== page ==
Sunday

We got an invitation to go to a christening.  I love babies. I love lunch and I love cake. Off went the email saying we were going. I asked what kind of gift card the baby preferred. The baby suggested a local wine shop. I knew this christening would be fun.

However, poor planning on my part meant I allowed my son to go to a friend's house for a sleepover the night before.  Too late to say no, I warned him the 8:00 a.m. pickup for church at 10 was going to come awfully early.  He said he'd be ready. He wasn't.  So, we left him behind. A chaotic start. Feeling angry and tired of teen shenanigans, we drove to the church in the center of Hartford.

We'd been there a few times before, once for the wedding of a friend and once for the wedding of the couple now about to christen their baby.  We found seating and settled in. The girls looked at me with pleading eyes, "How long will this last?"  Two hours was my answer. I had no idea. I just make stuff up.

The girls settled in.  I looked around.  Half-listening, I noticed the parishioners;  the older couples, the moms holding babies, the man sitting by himself holding his head in his hands, and the little boys leaning into their dads. I saw the choir and the organist who even with his back to us worked up an enthusiasm for playing the organ that Billy Joel himself would have admired. And I thought, "This is not a bad way to spend an hour or two a week."

Kids were pried away from their devices. Families were forced to get dressed and out of the house. To do what? If nothing else, to spend one quiet hour a week together. One hour where babies slept on their moms and their moms had nowhere else to go, no work emails to return, no multitasking. One hour where someone told stories many centuries old, then deciphered them for you. One hour to whisper. One hour of sitting together on the same pew. One hour.

The service ended and we left to drive to the luncheon at the family's home.  My family's home. Filled with cousins, aunts, and uncles. New babies and their bigger cousins.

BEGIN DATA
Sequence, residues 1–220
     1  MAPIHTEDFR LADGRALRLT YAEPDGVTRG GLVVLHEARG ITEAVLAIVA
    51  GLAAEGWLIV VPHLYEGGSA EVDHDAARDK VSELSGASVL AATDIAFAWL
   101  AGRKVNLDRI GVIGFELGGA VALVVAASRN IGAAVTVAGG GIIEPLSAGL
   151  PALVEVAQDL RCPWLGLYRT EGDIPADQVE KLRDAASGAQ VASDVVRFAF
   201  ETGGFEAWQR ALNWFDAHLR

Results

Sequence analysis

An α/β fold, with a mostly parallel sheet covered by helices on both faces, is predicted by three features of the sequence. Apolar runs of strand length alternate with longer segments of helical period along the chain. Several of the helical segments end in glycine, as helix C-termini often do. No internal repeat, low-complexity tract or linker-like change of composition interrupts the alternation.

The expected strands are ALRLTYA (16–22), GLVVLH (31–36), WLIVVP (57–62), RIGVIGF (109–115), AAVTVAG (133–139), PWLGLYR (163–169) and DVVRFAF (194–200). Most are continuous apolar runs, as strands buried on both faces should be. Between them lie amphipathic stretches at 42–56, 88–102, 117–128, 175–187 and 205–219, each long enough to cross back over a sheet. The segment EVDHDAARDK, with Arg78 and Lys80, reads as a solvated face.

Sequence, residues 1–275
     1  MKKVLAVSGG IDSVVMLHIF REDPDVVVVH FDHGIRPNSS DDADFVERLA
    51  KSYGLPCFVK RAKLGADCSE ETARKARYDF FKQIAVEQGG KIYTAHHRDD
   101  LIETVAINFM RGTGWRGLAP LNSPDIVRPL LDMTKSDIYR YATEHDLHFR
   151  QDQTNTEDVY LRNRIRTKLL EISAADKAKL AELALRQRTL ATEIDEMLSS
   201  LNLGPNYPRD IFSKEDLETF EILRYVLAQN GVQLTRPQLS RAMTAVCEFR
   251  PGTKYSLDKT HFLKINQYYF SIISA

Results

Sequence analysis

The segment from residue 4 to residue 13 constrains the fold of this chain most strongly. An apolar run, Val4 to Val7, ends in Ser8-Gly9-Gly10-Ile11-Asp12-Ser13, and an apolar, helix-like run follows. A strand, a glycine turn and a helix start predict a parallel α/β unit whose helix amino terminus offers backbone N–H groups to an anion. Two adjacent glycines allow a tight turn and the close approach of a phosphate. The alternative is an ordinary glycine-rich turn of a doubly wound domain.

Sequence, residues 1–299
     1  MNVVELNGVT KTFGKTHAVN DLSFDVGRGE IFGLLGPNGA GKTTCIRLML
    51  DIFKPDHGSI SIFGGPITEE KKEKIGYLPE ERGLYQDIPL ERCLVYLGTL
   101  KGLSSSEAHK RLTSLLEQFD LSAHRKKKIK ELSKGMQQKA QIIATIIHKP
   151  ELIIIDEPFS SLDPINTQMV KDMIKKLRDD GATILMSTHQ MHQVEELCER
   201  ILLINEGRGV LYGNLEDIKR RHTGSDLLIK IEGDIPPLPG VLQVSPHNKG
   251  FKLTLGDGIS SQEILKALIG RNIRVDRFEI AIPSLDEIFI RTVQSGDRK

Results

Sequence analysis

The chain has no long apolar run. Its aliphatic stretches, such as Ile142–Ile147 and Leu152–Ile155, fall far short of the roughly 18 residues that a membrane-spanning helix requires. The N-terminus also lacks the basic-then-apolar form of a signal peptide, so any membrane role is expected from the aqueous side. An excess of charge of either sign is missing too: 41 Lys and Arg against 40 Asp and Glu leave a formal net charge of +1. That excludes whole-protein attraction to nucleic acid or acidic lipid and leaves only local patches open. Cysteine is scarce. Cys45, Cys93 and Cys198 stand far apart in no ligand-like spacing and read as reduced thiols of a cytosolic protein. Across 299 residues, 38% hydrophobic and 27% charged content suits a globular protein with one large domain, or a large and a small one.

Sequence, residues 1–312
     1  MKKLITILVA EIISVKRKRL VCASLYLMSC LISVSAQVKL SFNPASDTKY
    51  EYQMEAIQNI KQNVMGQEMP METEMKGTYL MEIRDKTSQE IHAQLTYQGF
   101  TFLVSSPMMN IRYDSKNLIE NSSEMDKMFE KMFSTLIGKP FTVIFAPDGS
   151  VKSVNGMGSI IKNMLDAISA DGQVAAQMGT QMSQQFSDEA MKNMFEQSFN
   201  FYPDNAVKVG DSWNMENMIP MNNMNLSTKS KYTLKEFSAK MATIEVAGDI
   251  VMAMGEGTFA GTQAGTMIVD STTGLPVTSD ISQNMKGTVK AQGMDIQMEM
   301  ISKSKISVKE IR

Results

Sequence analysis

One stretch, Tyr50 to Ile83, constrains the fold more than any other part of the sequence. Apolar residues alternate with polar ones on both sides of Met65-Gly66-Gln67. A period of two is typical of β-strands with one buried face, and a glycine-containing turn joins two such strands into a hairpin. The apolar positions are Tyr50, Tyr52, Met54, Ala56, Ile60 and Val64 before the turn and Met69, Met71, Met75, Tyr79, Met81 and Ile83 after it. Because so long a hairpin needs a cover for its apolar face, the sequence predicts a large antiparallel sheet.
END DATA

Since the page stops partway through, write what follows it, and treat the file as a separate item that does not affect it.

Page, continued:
My daughter worried about homework said, "How long will we stay?" In my head,  I was imagining myself as a gas tank with only 1/8th of a tank of gas in it.  And I thought until I'm feeling peaceful and connected (and I've had cake). "Until I'm full," was my answer.

I chatted and laughed.  Got tips for visiting D.C., invitations to hike, a baby to hold. I complained about my oldest to an aunt, "Don't worry.  He will turn 30 eventually."  She raised three teens on her own. She's been through it all; teen drivers, teens gone AWOL, exploding microwaves, it's hard to rile her up anymore. She's right.  Thirty will arrive eventually.

I listened to my daughter ask my cousin's daughter, "How are we related again?"  My cousin said, "It's complicated." But I disagreed. It wasn't complicated. They just were- on a DNA cellular level.  A few hours passed in a blink.

I saw my cousin's wife sit on the stairs and take a breath- a moment in what had been a long weekend full of family and friends.  I remember that level of exhaustion as a new mom. I don't miss it. But I hope in the frenzy of throwing a beautiful party, she looked around and admired what she'd done.

My daughter came around again, "Are you full yet?" Yes, I was full.  We could go home.




Comments

  1. Keep it up! You have a gift for telling stories that resonate with many! xoxo

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  2. I love that you're back, Jen! So enjoy your writing. ANd can so relate. My oldest son (now almost 20 and just a little bit further on the way to 30 than yours) had that habit too of asking, whenever I did manage to drag him to a family function, how long it would take. And he'd keep asking, the more we were into it, he'd ask as often as every 2 minutes, physically tugging at my sleeve thinking the other people wouldn't notice, or not caring that it looked rude, he so desperately wanted to get out of there. And I'd also always answer: When I'm ready. Gosh I hated that phase. Then he started driving and we started going to these things in separate cars for the teenagers to make their early exit...

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